My first draft of AMONG US was finished and sent to the Polonia Brothers with some trepidation. Deciding that there was no way to do a Bigfoot movie with a straight face, I channeled those weird stone-faced quasi-documentaries of the 1970s, Sunn Classics like IN SEARCH OF NOAH’S ARK and CHARIOTS OF THE GODS, that used to scare the skin off me as a pre-teen at broken-down Midwestern drive-ins. In my script, B-movie director Billy D’Amato (a Polonia Bros writing pseudonym), who has made a modest career churning out fare like BRIDE OF BIGFOOT and BIGFOOT HOUSE PARTY, ends up squaring off against the real thing at a remote cabin deep in the Pennsylvania woods, with an ex-lover and a weak-stomached cryptozoologist in tow. Fortunately the Polonia Brothers enjoyed the offbeat approach of my script and were eager to move forward. Now if it would only stop snowing.

Casting, FX by Brett Piper (PSYCLOPS, DRAINIAC), and some second unit and b-roll shots are done throughout the spring, in LA and Pennsylvania, with the changing seasons and locations hopefully giving the project an expansive feel. The bulk of the shooting was locked down for the end of May in Pennsylvania, and I agreed to come out and be on the set and try to pitch in. Little did I know then that “pitching in” would include everything from gathering wood to cooking food to putting on an ape suit to feeding my own script into a campfire. I was blissfully unaware of what was to come.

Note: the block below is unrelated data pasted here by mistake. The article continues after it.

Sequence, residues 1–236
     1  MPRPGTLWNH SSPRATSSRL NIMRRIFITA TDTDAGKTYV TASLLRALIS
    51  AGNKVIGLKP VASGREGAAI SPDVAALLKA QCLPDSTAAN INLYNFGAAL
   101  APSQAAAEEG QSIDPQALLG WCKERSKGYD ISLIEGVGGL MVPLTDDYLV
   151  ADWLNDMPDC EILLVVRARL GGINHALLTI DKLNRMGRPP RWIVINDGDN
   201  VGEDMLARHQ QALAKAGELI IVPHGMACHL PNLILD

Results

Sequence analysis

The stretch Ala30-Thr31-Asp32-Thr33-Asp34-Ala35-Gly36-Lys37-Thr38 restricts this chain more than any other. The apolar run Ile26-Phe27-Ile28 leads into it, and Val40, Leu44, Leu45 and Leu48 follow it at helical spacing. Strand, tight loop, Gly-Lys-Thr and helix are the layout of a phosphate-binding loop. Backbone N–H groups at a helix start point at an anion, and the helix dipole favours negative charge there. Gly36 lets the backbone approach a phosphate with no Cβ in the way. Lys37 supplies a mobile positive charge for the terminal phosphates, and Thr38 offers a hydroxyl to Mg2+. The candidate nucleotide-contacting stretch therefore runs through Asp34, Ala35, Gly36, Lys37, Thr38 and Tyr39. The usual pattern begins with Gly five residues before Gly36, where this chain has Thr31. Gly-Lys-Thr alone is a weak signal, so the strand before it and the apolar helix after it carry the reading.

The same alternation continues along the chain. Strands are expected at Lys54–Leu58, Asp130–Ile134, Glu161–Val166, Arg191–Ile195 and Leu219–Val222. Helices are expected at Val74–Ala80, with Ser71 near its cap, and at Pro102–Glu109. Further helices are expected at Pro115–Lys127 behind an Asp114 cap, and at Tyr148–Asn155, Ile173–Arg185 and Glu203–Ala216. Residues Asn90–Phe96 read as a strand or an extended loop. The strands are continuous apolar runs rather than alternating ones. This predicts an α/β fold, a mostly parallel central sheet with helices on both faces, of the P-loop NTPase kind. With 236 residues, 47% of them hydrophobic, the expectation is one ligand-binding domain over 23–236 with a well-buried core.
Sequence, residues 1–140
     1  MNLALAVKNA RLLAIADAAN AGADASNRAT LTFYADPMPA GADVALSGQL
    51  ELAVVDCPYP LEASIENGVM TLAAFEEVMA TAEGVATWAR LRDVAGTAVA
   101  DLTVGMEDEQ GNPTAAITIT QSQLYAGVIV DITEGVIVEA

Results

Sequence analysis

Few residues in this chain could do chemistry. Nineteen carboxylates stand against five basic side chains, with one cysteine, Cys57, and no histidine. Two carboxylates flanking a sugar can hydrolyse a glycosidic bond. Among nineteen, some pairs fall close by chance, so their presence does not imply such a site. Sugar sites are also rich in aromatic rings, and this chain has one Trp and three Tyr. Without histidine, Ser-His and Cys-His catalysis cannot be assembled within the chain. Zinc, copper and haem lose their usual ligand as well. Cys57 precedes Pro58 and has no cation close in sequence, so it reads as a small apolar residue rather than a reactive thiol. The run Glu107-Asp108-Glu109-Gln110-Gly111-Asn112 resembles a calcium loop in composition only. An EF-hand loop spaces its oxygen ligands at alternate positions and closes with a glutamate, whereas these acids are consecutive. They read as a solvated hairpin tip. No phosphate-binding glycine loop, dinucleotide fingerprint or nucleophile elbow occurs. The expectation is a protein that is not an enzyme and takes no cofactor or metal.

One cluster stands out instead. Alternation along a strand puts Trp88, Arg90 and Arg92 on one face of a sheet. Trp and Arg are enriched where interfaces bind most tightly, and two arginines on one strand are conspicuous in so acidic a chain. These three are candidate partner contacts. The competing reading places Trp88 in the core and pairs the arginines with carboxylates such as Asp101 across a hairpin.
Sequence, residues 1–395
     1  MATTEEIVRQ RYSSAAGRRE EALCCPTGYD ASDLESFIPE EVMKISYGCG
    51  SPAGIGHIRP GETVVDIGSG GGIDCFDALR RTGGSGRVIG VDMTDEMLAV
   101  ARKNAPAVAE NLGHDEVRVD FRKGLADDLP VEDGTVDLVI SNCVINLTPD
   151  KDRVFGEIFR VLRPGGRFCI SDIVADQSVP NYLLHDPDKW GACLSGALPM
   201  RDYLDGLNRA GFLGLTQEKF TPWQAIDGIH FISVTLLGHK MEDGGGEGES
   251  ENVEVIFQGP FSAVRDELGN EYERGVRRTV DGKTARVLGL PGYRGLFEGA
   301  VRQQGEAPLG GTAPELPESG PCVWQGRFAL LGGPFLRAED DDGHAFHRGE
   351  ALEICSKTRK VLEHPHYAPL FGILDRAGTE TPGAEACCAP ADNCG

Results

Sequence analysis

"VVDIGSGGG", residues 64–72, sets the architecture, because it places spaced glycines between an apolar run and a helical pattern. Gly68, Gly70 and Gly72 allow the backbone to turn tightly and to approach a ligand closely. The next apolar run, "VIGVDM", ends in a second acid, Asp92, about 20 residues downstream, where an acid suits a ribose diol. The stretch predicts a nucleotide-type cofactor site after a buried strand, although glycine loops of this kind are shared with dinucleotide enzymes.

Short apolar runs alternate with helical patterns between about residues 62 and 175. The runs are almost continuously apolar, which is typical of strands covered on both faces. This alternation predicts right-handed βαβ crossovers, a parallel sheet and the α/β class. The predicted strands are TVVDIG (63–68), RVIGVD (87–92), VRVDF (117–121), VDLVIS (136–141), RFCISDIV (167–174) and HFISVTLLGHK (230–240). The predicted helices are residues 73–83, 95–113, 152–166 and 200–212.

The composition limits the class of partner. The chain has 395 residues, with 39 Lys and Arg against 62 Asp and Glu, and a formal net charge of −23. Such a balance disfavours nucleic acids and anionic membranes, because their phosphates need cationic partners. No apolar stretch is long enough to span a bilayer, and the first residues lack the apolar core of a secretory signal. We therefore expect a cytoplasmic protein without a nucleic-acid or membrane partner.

I touched down in beautiful Elmira, New York at 11 p.m., and was quickly whisked off to Wellsboro, Pennsylvania by the Polonia Brothers and Jon McBride. They had been shooting all day all over Wellsboro with Bob Dennis and Hunter Austin, playing the leads Billy D’Amato and Jennifer Dempsey. Early in the morning we were going to leave for the cabin that is the centerpiece for the latter third of the movie and spend several days and nights living and shooting there, so everyone was ready to call it a night. But I did get a quick tour through Wellsboro, recognizing tons of locations from PBE films like FEEDERS, NIGHT THIRST, and others. At midnight we pulled up to the house that I last saw in THE HOUSE THAT SCREAMED 2. I had the surreal feeling that the whole town was a giant Polonia Brothers backlot, and I briefly wondered why the humble people of Wellsboro had not risen up with pitchforks and torches and driven these diabolical twins into the river. A short time later I was lying on Mark’s couch and asleep.

For the first time I heard words that I wrote coming out of an actor’s mouth, and it’s a weird feeling...from my laptop in the cornfields of rural Indiana to an L.A. actresses’ mouth in a van bumping down a road in Pennsylvania. It is basically a funny little scene where Billy D’Amato is driving to the cabin and talking about the differences between shooting documentaries and shooting porno movies. At the end Mark Polonia turns to me as I’m crouching out of the camera line in the back seat and says, “Well, you’ve seen your first scene comes to life!” and John Polonia cheerfully chimes in with, “We haven’t even started raping the script yet!”